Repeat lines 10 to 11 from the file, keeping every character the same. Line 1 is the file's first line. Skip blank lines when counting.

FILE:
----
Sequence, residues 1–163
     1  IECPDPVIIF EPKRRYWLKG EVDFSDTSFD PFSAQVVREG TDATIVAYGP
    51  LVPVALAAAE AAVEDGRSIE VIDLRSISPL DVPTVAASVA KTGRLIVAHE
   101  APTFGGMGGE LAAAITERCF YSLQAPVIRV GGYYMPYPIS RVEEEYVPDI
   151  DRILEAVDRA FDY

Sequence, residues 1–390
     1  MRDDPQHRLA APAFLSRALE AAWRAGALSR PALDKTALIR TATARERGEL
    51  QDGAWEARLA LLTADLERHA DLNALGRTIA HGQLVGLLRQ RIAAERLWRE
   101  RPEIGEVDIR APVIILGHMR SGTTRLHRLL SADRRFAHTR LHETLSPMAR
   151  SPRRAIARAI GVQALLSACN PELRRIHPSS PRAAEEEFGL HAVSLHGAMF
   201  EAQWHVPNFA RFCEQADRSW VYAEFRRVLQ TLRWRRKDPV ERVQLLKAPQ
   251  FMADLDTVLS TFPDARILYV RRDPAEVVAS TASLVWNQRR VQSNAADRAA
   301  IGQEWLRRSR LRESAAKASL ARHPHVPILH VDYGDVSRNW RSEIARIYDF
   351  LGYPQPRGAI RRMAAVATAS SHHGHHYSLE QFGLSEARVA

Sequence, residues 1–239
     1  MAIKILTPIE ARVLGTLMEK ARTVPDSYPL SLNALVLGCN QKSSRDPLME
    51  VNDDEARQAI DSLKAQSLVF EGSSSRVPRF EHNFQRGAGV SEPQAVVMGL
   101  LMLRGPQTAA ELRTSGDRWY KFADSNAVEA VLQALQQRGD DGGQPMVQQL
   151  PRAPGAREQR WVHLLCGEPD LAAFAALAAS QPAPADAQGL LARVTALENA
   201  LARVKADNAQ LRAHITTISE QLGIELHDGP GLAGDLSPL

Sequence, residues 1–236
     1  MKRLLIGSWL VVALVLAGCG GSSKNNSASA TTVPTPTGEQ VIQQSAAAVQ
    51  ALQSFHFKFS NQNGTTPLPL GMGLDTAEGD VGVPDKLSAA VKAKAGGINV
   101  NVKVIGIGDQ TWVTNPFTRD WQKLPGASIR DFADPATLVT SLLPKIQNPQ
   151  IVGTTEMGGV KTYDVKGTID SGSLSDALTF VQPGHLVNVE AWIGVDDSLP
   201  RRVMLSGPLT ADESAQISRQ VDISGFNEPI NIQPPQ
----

   151  SPRRAIARAI GVQALLSACN PELRRIHPSS PRAAEEEFGL HAVSLHGAMF
   201  EAQWHVPNFA RFCEQADRSW VYAEFRRVLQ TLRWRRKDPV ERVQLLKAPQ